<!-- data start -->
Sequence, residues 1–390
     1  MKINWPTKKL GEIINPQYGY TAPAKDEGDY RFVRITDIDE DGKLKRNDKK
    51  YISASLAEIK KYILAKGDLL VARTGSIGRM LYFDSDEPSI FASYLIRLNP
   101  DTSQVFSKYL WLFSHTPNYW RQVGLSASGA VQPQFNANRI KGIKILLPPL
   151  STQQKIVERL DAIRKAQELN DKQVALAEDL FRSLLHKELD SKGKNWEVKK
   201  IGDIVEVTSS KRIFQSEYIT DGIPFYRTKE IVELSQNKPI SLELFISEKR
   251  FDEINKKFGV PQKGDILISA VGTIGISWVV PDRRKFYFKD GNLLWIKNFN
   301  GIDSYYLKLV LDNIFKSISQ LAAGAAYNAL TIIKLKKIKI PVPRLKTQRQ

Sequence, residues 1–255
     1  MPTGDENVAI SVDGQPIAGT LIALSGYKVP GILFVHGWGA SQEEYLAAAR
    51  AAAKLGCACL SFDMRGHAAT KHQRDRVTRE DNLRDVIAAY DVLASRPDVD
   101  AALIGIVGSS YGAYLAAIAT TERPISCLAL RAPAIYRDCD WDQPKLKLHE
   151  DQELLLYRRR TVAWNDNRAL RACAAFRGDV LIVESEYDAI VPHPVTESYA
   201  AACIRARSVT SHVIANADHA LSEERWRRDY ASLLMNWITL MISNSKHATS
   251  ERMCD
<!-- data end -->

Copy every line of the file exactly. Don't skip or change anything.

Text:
Sequence, residues 1–390
     1  MKINWPTKKL GEIINPQYGY TAPAKDEGDY RFVRITDIDE DGKLKRNDKK
    51  YISASLAEIK KYILAKGDLL VARTGSIGRM LYFDSDEPSI FASYLIRLNP
   101  DTSQVFSKYL WLFSHTPNYW RQVGLSASGA VQPQFNANRI KGIKILLPPL
   151  STQQKIVERL DAIRKAQELN DKQVALAEDL FRSLLHKELD SKGKNWEVKK
   201  IGDIVEVTSS KRIFQSEYIT DGIPFYRTKE IVELSQNKPI SLELFISEKR
   251  FDEINKKFGV PQKGDILISA VGTIGISWVV PDRRKFYFKD GNLLWIKNFN
   301  GIDSYYLKLV LDNIFKSISQ LAAGAAYNAL TIIKLKKIKI PVPRLKTQRQ

Sequence, residues 1–255
     1  MPTGDENVAI SVDGQPIAGT LIALSGYKVP GILFVHGWGA SQEEYLAAAR
    51  AAAKLGCACL SFDMRGHAAT KHQRDRVTRE DNLRDVIAAY DVLASRPDVD
   101  AALIGIVGSS YGAYLAAIAT TERPISCLAL RAPAIYRDCD WDQPKLKLHE
   151  DQELLLYRRR TVAWNDNRAL RACAAFRGDV LIVESEYDAI VPHPVTESYA
   201  AACIRARSVT SHVIANADHA LSEERWRRDY ASLLMNWITL MISNSKHATS
   251  ERMCD